Originally written on Fangraphs  |  Last updated 11/17/14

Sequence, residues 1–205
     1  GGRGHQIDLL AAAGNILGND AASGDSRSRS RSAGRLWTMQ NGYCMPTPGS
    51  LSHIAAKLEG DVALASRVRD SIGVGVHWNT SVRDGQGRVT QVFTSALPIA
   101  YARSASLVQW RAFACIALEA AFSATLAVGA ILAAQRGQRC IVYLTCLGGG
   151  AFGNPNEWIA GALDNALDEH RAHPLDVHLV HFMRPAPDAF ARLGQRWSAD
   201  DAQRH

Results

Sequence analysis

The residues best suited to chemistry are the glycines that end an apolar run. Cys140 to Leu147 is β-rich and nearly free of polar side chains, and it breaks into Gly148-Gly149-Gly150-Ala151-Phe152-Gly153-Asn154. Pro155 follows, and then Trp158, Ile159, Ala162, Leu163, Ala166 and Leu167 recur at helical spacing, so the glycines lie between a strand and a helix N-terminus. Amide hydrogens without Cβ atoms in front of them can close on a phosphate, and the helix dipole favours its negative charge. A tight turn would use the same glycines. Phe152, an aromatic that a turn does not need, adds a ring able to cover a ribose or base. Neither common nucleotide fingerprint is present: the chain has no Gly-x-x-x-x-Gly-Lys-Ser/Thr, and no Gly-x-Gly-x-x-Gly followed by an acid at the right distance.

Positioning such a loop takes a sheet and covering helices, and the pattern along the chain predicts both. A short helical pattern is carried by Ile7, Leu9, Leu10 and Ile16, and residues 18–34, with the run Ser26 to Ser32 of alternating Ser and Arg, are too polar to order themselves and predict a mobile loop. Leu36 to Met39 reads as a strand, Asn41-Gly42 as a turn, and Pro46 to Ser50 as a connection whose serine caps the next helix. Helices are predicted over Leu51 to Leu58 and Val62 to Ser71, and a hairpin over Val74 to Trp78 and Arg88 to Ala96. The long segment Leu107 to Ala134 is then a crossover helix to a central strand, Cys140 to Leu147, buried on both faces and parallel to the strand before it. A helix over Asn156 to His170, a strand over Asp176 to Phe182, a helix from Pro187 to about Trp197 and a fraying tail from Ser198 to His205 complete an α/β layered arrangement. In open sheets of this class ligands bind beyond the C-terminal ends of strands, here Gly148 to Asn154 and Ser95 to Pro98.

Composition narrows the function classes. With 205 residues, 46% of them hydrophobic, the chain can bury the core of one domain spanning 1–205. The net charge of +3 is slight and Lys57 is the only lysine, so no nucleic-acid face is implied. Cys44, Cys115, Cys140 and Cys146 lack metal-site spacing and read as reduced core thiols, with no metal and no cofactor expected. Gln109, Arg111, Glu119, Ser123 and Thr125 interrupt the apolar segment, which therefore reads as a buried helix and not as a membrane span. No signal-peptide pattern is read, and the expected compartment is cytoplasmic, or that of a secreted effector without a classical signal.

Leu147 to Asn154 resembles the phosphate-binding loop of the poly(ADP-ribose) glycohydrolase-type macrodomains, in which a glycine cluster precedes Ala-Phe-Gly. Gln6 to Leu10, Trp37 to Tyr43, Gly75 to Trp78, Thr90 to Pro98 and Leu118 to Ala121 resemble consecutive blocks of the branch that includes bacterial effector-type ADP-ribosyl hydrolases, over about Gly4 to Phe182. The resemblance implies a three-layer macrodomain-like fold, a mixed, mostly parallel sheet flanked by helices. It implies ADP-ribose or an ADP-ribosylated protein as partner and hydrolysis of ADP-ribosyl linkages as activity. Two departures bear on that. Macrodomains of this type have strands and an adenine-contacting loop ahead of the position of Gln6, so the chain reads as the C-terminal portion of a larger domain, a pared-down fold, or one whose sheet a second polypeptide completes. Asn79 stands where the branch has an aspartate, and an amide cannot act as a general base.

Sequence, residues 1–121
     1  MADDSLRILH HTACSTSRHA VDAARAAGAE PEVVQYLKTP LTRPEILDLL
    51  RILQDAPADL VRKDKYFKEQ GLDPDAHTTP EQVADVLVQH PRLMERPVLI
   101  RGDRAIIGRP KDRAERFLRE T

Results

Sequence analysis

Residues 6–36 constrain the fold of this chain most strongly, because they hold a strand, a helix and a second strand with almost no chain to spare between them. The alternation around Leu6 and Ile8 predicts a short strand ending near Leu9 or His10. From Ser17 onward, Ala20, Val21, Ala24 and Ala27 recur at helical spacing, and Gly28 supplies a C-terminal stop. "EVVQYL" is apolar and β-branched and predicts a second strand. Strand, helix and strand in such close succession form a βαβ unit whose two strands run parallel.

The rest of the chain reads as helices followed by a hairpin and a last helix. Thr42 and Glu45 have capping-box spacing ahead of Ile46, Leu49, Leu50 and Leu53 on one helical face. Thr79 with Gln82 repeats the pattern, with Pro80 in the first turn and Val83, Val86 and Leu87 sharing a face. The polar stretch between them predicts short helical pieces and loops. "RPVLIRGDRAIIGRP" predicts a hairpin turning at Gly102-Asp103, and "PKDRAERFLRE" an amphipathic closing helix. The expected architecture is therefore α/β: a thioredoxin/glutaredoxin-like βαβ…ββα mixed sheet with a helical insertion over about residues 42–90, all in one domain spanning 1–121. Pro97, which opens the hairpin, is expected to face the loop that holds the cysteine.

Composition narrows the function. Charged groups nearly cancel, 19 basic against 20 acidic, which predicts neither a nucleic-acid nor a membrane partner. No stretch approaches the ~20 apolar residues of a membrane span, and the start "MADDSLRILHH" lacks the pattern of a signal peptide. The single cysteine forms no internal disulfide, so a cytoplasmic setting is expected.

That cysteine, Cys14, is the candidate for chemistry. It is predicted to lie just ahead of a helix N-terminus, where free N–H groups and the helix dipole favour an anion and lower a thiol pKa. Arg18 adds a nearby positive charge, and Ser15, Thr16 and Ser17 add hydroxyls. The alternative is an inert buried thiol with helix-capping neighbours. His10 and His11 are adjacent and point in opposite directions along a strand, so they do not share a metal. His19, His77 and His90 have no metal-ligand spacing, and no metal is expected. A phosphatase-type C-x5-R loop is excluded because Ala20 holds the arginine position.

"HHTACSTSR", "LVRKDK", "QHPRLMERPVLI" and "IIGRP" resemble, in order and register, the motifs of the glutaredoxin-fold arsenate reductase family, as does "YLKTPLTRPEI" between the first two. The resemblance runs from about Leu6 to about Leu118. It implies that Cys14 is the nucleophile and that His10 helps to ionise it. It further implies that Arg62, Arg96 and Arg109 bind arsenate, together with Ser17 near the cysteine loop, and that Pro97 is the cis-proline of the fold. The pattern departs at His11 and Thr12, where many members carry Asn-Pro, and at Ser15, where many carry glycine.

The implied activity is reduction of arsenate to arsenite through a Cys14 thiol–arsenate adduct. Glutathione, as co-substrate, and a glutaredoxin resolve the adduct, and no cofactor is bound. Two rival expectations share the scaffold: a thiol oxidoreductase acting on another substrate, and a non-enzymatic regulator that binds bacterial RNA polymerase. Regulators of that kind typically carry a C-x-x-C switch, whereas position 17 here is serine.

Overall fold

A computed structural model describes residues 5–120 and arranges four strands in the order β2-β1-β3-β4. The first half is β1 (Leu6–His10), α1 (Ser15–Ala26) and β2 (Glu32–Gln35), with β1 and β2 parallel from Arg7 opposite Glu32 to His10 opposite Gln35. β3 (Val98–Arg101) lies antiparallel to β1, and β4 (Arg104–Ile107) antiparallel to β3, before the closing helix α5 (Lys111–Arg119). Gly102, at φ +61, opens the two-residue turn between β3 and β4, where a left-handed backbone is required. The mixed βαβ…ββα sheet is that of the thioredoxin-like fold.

Faced with a $22 million team option for 2013 or paying Jake Peavy a $4 million buyout and letting him hit free agency, the White Sox went with Door #3; re-sign him to an extension that lowers his annual payout but keeps him in Chicago through 2014 and gives them a team option for 2015. The new deal is worth $29 million guaranteed, with a few million of that likely being a buyout of the 2015 option, so Peavy’s salary each year is probably going to be $13 or $14 million. Given his performance history, that’s a bargain if he stays healthy. Of course, with Peavy, that’s a bigger if than with most. From 2008 to 2011, Peavy threw just 494 innings, or just 30 more than Rich Harden. He missed essentially half of each season from 2009 to 2011 with elbow pain, an ankle strain, and then finally a serious shoulder problem that required “experimental” surgery — really, it was more of an experiment in regards to baseball players, as it had been performed on other athletes before — in the summer of 2010 and shelved him for essentially a full year. Without the surgery, it’s possible his career would have been over, so he underwent what is now sometimes jokingly referred to as “Jake Peavy Surgery”, since his successful return shows that this can be an effective treatment for other pitchers who suffer the same injury in the future. The surgery was deemed a success, however, and the surgeon who performed the operation has called the issue a “non-factor” for Peavy going forward. And since coming back from the surgery in May of 2011, he’s pitched well enough to back up the doctor’s assessment. He’s made 50 starts, thrown 331 innings, and posted a 3.96 K/BB ratio that is the fourth best in the AL over the last two years — only Dan Haren, Justin Verlander, and CC Sabathia are ahead of him. Problems with the long ball and an inability to strand runners in 2011 pushed his ERA through the roof, but his peripherals remained strong, and he went beyond regressing to the mean last year, posting a 3.37 ERA in the process. Overall, the swings between years have essentially evened out, as his career ERA-/FIP-/xFIP- line is an even 85/85/85 across the board. There’s no reason to think that Peavy is a pitcher whose results are going to differentiate wildly from his underlying skills, and those remain quite strong at the moment. Even if we add in some age related decline — he will turn 32 next May — and bring him back to 5-10% above average in terms of run prevention, that still works out to a +3 win pitcher at 150 innings or a +4 win pitcher at 200 innings. Projecting him for 200 innings is probably too aggressive even though he threw 219 last year, but 160-180 is a fair expectation based on his track record and the fact that he hasn’t shown any ill effects since the surgery. If you’re optimistic about his health and performance, you might expect +7 wins from him over the next two seasons. A pessimist would probably be closer to +5 wins. Either way, that puts this deal at between $4M to $6 million per win, or right about where the market has priced wins over the last few years. It’s not a huge steal, but getting market price wins for a quality pitcher on a short term deal is a pretty good move for a franchise attempting to win in the short term. The two-year term limits the White Sox exposure if Peavy gets hurt again, and at this AAV, they still afford to fill out their roster around him in order to make a run at the AL Central title. Peavy’s lengthy medical records likely ensure that he’s never going to get a long term deal again, but he probably could have landed a three year contract for a little more money had he tested free agency. That the White Sox were able to keep him around without guaranteeing that third year makes this a nice first official signing for new GM Rick Hahn, as the team keeps their best pitcher in place without opening the organization up to long term problems if Peavy’s arm gives out again.
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